For starters, I am in NO WAY trying to build a database engine to store a table... The Row / Column table names were purely to make it easy to create a test harness and show how I wanted it to be returned for the query in question. The actual tables are a way of classifying data, a little like a tag cloud with the tags being the ColumnValue's with an additional "type of tag" which is the Column table. The item being tagged is the Row table. I will spend some time putting this actual concept into the question to see if anyone can come up with a better implementation. –  Robin Day Mar 5 '10 at 17:40
2  
IMO, there are select places in the world for EAVs however storage for a primary feature is not one of them. EAV's are like drugs: in small quantities and select circumstances, they can be beneficial. Too much will kill you. Used as a primary feature in a multi-tenant application is definitely too much. Dozens of tables is frankly tiny. It is quite common to have dbs with 50-100 or more tables. I think that if you provided more clarity about the classification system someone might be able to offer an alternate schema which would solve you performance issue here. –  Thomas Mar 6 '10 at 17:49
show 1 more comment

1 Answer 1

I agree with @marc_s and @KM that this grand design is doomed from the start.

Millions of Microsoft's developer-hours have gone into building and fine-tuning a robust and powerful database engine, but you're going to reinvent it all by cramming everything into a small number of generic tables and re-implementing everything that SQL Server is already engineered to do for you.

SQL Server already has tables containing names of entities, names of columns, and so on. The fact that you don't normally interact directly with these system tables is a good thing: It's called abstraction. And it's unlikely that you're going to do a better job of implementing that abstraction than SQL Server does.

At the end of the day, with your approach (a) even the simplest queries will be monstrous; and (b) you're never going to come close to optimal performance, because you're forgoing all of the query optimization that you'd otherwise get for free.

Without knowing anything more about your application or your requirements, it's hard to give any sort of specific advice. But I'd suggest that some good old normalization would go a long way. Any well-implemented, non-trivial database has a lot of tables; ten tables plus ten xtab tables shouldn't scare you away.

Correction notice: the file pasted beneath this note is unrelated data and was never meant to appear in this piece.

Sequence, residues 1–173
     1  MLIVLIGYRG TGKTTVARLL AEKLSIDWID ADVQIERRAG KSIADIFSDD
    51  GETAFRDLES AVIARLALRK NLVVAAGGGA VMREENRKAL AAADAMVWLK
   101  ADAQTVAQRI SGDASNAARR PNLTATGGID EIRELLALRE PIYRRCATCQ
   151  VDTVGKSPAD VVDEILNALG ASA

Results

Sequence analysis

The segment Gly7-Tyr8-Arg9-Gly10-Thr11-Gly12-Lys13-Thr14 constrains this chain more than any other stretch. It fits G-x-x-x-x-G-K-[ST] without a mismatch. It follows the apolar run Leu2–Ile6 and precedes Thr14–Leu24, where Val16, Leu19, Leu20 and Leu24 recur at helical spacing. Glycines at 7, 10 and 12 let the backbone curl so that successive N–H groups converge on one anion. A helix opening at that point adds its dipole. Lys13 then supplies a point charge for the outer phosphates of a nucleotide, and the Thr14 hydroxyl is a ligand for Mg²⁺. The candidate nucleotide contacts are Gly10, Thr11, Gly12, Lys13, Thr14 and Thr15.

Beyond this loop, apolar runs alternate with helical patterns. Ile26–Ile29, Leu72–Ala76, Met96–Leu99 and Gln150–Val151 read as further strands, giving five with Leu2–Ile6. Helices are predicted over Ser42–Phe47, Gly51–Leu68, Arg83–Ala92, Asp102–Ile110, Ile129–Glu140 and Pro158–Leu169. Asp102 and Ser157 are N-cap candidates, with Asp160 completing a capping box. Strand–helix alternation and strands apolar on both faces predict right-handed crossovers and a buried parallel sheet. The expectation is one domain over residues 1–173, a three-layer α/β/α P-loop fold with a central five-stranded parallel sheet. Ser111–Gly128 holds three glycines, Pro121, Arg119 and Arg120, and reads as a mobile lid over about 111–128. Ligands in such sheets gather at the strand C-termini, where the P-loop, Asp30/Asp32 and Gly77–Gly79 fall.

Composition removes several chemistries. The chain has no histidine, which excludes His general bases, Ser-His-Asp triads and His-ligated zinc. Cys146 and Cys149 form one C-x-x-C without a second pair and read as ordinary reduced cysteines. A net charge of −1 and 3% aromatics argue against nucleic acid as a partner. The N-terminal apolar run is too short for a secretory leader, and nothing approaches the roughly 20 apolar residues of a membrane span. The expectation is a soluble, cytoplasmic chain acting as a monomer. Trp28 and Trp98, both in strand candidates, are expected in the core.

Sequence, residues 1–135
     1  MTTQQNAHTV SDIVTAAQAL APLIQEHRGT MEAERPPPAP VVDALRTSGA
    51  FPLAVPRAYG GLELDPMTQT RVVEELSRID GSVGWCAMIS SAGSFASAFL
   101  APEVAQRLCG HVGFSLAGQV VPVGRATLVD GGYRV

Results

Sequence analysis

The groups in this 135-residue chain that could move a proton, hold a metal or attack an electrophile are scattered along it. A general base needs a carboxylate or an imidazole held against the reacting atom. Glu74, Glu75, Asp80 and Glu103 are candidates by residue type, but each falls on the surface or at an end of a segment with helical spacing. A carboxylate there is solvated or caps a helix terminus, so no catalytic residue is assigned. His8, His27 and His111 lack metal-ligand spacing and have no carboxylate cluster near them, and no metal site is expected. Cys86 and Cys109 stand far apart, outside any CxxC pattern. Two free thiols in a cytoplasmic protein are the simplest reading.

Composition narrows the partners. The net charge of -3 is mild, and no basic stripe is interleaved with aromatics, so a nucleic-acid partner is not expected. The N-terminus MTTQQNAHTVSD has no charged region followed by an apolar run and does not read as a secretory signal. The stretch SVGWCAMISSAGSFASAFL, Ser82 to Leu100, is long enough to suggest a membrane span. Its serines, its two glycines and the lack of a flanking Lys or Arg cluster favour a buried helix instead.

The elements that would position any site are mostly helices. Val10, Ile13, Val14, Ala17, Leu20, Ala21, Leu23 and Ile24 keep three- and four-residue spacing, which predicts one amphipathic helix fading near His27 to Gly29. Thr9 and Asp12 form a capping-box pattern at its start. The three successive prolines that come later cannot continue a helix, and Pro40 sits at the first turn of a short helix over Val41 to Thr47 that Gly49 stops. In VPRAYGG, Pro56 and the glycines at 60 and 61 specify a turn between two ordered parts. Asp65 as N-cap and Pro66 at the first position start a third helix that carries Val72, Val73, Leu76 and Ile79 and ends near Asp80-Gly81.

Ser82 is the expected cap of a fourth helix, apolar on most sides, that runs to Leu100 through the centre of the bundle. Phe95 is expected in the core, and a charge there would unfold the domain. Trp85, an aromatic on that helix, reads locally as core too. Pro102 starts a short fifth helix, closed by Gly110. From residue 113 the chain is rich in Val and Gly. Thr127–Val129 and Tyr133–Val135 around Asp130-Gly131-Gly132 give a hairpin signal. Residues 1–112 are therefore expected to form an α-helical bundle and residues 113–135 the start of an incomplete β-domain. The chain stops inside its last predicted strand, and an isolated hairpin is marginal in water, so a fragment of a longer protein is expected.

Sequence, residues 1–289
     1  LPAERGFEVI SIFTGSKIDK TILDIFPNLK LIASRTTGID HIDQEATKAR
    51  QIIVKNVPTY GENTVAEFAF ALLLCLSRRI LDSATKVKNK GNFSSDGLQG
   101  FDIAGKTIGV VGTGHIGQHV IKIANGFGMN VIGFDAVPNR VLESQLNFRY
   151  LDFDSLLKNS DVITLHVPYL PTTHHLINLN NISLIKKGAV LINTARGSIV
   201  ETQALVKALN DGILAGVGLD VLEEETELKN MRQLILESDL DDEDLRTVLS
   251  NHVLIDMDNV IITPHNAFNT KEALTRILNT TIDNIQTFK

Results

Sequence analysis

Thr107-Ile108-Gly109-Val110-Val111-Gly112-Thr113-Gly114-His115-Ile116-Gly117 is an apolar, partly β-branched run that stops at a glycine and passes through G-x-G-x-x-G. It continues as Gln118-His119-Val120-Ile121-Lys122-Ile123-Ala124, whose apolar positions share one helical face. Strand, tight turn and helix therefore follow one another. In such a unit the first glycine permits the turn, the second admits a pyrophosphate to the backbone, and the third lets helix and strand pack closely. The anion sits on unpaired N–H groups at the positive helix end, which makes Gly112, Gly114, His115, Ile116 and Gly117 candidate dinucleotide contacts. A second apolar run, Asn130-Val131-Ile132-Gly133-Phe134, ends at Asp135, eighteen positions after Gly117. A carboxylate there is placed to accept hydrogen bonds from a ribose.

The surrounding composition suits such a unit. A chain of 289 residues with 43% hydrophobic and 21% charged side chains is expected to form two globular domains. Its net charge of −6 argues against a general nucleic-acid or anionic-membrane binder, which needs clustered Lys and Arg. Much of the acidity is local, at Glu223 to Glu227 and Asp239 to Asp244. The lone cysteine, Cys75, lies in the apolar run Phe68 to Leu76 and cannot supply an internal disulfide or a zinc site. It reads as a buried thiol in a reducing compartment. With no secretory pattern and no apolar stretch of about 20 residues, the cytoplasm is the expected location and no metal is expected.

And don't be afraid of SQL code generation as a way of implementing common interfaces across disparate tables. A little can go a long way.

share|improve this answer
    
For starters, I am in NO WAY trying to build a database engine to store a table... The Row / Column table names were purely to make it easy to create a test harness and show how I wanted it to be returned for the query in question. The actual tables are a way of classifying data, a little like a tag cloud with the tags being the ColumnValue's with an additional "type of tag" which is the Column table. The item being tagged is the Row table. I will spend some time putting this actual concept into the question to see if anyone can come up with a better implementation. –  Robin Day Mar 5 '10 at 17:39
    
To add to that, the "Column" table would not be "10x", this was just in this example. There are currently ~3000 entries in the "Column" table, each would need it's own list of valid entries "ColumnValue" varying from 2-3 valid entries up to hundreds. Each Client has anything from 2-3 specific types of tagging up to some that classify their tags 20 different ways. –  Robin Day Mar 5 '10 at 17:46
    
@Robin - sorry then if I went off half-cocked. I look forward to seeing the details - please add a comment here so I'll see the revised post (or new question if you choose to do it that way). –  Herb Caudill Mar 5 '10 at 21:30
    
Whilst its quite a while later, I have a new question which is of a simliary nature. I'm trying to get rid of the EAV design. stackoverflow.com/questions/3013831/… –  Robin Day Jun 10 '10 at 13:43